The machines have been upgraded, but printing remains popular. Wikimedia Commons

The machines have been upgraded, but printing remains popular. Wikimedia Commons

Second in a series on currency and monetary default by Benjamin Cox

The flaw with U.S. debt is that you are really just buying a sovereign currency with a yield. There is no intent to ever repay the debt — at best, there may be an intent to roll it.

The assumption is that the U.S. economy will grow quicker than the interest payments on the debt and the government will outgrow its obligations. That assumption, in the medium and long term, will be tested by an aging American population, the growth of government services, and a serious shift of increased entitlement obligations to American citizens without an expectation to pay more taxes.

At some point, I hope everyone can agree that the U.S. will not be able to support its obligations as currently structured. It will have to curtail benefits, increase taxes, or some combination of both. However, as U.S. elections come fast and furious, no one is really going to want to do either, and this will lead to a real default without a fiscal default.

If the U.S. faces default, they will just print currency to pay it off. The assumption of the gold crowd is that if it defaults, the U.S. will face a gradual default with years of hyperinflation, but the more I think about it, the more I think the U.S. will face a flash default.

In this “flash default” scenario, the buck will be passed until someone says the emperor has no clothes, and when that happens, the external access to debt will be shut down forcing decisions to be made. I think this default will not be a gradual progress, but will probably come from a “theoretical” Goldman Sachs report, or something like it, that details how the U.S. is going to have to default on their debt, which will cause panic and lead to a serious event.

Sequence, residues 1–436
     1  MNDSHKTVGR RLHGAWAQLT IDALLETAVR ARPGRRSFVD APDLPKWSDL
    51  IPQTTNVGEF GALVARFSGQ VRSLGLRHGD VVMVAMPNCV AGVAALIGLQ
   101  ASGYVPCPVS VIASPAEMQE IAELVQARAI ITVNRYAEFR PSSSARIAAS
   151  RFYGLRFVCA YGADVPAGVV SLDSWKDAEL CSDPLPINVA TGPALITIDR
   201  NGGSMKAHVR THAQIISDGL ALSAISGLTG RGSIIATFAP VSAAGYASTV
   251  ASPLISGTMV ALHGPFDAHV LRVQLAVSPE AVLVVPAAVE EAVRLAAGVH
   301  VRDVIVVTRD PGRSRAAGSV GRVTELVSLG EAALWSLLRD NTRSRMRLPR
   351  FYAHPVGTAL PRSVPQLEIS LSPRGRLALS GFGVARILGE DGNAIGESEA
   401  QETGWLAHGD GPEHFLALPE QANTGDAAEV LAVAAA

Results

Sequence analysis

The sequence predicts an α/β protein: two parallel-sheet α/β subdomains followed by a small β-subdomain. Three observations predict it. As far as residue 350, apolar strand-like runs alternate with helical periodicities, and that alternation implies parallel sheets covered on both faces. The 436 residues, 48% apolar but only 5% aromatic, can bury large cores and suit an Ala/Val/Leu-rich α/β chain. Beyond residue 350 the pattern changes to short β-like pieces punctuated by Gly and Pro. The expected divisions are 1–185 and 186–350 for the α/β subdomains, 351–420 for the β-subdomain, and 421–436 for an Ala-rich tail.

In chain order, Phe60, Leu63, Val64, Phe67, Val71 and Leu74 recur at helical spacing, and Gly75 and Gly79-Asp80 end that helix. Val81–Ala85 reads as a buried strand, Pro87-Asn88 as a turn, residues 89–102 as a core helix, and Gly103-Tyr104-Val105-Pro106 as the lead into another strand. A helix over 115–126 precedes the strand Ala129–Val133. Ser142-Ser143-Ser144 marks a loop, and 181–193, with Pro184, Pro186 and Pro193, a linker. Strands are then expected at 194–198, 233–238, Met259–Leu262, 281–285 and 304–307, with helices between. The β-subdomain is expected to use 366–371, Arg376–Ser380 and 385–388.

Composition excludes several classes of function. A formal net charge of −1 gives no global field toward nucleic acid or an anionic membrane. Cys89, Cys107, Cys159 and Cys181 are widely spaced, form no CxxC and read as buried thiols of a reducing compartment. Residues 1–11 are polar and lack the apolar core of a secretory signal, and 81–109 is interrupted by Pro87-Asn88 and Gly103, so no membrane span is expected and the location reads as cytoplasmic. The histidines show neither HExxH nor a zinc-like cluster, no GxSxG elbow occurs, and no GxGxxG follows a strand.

At this point, the U.S. government can print two things:
– Debt (they pay for this)
– Cash (they pay nothing for this)

When times have been tough, the Fed has funded the government; they have “printed” cash to buy debt from the Treasury department. This will be the method used when default comes. The Fed will buy back the revolting debtholders and trade interest-bearing debt for cash.

This process has already started (around 2008). At this point, between the Social Security “trust fund” and the Fed, the U.S. government is the largest holder of U.S. debt. They have already bought $2.4 billion of Treasuries, and another ~$1.7 trillion of mortgages with the Fed alone. The “trust fund” has another $2.7 billion of government paper.

So, when no one else would lend to the U.S., the U.S. lent to itself, and proved that it had no problem buying debt and issuing currency to do it. The question is the scale.

When the tipping point comes, there will be a choice: stick their heads in the collective sand and face a 3-4 year period of crazy inflation and unrest, or do an overnight printing. Once they get to the tipping point, I hope they are rational and just do the overnight deed vs a thousand small events.

Part 1: The USD and the big print: 18 trillion reasons to fire up the presses | CEO.CA

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